The weather has been "stuck on beautiful" at the Rolex Miami OCR, but more important to the 529 sailors competing from 41 countries has been the wind on Biscayne Bay, which strengthened in knots on day three to reach low double digits and helped re-ignite several key performances of sailors turning the corner to enter the regatta's home stretch.
Making the most out of the zippy conditions were the 24 teams split into Groups A and B in the Women's Match Racing discipline. The goal on day three was to complete the second of two round-robin series in each group. This was realized in Group A but not Group B, which will finish up on day four and add its top four finishers to the top four from Group A that have won the honor of proceeding to the quarter finals, a single elimination "knock-out" round.
Group A's top finisher Sally Barkow (USA), was especially exhilarated by her 10-1 win-loss record, which was helped by a victory in a closely watched match-up with fellow US Sailing Team AlphaGraphics member and ISAF Rolex World Sailor of the Year, Anna Tunnicliffe (USA) who has a 7-4 record. "I don't think we were ever more than a length apart the entire way around the course, so that was pretty cool,"
said Barkow. "There were probably about four lead changes; nobody got penalties but everything was really close."
Match Racing courses are two laps around (windward/leeward), with a five-minute pre-start sequence, where boats are allowed to enter the starting area at four minutes. Then it is a full battle from there until the finish line.
Barkow, who won bronze here last year to Tunnicliffe's silver said, "Sometimes when you get a two-length lead, then it's not so much of a big battle, and you don't have to defend things so hard. But you can imagine when it's really close that upwind it's kind of good for the boat ahead, but as soon as you go downwind, it's good for the boat behind. So, if you only have a length between the boats, it's really hard to be the boat ahead and stay ahead. That was what it was with Anna."
Also moving on to the quarter finals is Silja Lehtinen (FIN), with an 9-2 record, and Ekaterina Skudina (RUS) with an 8-3.
"We made one or two mistakes out there,"
said Tunnicliffe, the four-time (consecutive and current) Rolex Yachtswoman of the Year and two-time ISAF Rolex World Sailor of the Year (also current), "but we still made the quarter finals."
As for her match with Barkow, she said, "It was full on, lots of fun. It shows that team USA has what it takes, and we will all be pushing hard leading up to the Olympics."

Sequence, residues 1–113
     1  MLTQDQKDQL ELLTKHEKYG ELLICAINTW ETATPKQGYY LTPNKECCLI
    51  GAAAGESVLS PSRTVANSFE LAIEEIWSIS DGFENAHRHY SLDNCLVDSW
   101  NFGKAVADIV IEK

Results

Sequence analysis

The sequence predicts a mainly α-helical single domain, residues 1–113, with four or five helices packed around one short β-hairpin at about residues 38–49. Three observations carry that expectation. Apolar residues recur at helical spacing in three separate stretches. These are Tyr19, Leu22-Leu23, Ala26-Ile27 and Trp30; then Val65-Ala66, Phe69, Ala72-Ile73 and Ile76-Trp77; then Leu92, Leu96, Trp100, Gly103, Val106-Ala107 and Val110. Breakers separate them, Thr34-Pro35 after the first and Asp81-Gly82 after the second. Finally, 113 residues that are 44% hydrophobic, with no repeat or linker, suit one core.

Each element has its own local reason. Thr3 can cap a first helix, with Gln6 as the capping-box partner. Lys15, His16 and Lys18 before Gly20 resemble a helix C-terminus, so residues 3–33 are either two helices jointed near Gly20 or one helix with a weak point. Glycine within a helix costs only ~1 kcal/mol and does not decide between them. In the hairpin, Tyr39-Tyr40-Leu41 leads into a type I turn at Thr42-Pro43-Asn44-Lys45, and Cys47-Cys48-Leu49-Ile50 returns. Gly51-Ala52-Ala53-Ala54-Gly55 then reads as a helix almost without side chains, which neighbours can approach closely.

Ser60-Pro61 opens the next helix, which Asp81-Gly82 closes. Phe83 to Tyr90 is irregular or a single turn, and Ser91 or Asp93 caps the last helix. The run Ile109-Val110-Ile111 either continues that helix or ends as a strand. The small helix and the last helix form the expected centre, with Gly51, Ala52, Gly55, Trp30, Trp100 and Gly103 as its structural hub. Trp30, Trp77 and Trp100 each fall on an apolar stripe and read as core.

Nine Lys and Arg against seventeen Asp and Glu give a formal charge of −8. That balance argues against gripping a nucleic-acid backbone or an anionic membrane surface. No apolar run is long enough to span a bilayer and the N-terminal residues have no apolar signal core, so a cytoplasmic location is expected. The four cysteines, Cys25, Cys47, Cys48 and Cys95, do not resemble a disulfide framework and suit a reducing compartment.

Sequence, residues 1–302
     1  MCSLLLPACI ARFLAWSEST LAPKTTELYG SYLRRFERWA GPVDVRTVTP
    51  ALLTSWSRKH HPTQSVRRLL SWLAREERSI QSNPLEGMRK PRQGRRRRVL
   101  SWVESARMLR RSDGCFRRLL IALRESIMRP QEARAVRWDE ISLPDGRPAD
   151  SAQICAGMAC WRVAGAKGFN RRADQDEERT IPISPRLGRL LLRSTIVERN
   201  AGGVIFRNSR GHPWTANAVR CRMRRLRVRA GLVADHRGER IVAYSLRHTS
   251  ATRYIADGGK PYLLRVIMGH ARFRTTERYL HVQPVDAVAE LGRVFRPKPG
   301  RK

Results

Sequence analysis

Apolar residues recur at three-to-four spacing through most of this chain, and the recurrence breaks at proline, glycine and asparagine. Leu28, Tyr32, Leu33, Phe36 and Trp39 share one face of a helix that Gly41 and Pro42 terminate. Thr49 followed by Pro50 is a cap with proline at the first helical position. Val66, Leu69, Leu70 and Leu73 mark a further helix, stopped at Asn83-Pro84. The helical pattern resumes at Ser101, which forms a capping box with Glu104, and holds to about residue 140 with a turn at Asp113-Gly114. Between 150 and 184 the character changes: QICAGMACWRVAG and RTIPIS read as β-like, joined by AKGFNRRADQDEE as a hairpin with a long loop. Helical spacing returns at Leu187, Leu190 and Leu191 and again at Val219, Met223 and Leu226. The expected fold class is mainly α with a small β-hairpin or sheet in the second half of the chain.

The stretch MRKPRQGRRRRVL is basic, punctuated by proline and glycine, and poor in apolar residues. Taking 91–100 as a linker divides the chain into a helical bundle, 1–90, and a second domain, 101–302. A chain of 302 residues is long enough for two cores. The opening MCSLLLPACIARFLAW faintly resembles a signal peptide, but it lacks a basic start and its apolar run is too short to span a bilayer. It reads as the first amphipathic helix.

Tunnicliffe, who also has an Olympic gold medal in Laser Radial class, explained that the Women's Match Racing U.S. Trials are in May in Weymouth where the "winner takes all" and goes on to compete in the Olympics.
Conditions were prime for the RS:X Men's windsurfing fleet, and Nick Dempsey (GBR), who was sitting in third in the Men's class coming into the third day, moved to first, with fellow teammate Elliot Carney moving up right behind him. "Elliot and I had a good couple of races today - kind of like training races for the two of us in a way - and it was great to get the conditions we did,"
said Dempsey. "It was the first time we've got to planing since we got here, so it gave the body a bit of a rest from the pumping, and it was nice to be going well in those conditions."
Although some big names are missing in the RS:X fleet, which is relatively small this year compared to others, there is still stiff competition. "You have to work just as hard to get the results,"
said Dempsey. "It's never as easy as the score line might look, so it's definitely been worthwhile coming here, and I'll be pushing hard for the rest of the week."
In RS:X Women's, Demita Vega De Lille (MEX) maintained her lead from yesterday and added two more victories to the two already existing in her six-race scoreline. Like most of the classes here, the RS:X Women were allowed to discard their worst score after six races, which shuffled many scores.
Another sailor who did not change positions on the scoreboard was Marit Bouwmeester (NED), the current Laser Radial World Champion, who has held on to first place over all three days. "Today I was struggling a bit because the wind pressure kept going up and down, and in the first race I got a yellow flag, but it's good to get out and experience the Miami weather,"
said Bouwmeester. "This regatta has been great practice. I've been sailing against all these girls in many previous regattas and they are all major competition. It's great that so many of them took the time to come here after the Worlds in Perth."
US Sailing's Rolex Miami OCR, established in 1990, is open to boats competing in events chosen for the Olympic and Paralympic Sailing Competitions. The 10 Olympic classes for 2012 are: Laser Radial (women), Laser (men), Finn (men), Men's RS:X, Women's RS:X, 49er (men), Men's 470, Women's 470, Star (men) and Elliot 6m (women). The three Paralympic classes are: 2.4mR (open), SKUD (mixed) and Sonar (mixed).
For fleet racing in the Olympic classes, the Rolex Miami OCR consists of a five-day opening series (Monday - Friday) and a double-point medal race (Saturday). The top 10 finishers in the opening series of each class will advance to the medal race. For match racing (Elliott 6m), which makes its debut in the 2012 Olympic Games, the regatta will consist of an opening series, a knockout series, and a sail-off for boats not advancing to the knockout series. Competitors in the Paralympic classes have five days of fleet racing (Monday-Friday) and no medal race.
Medals will be awarded to the top three boats in each Olympic and Paralympic class on Saturday, January 28.
For more information on the ISAF Sailing World Cup click here.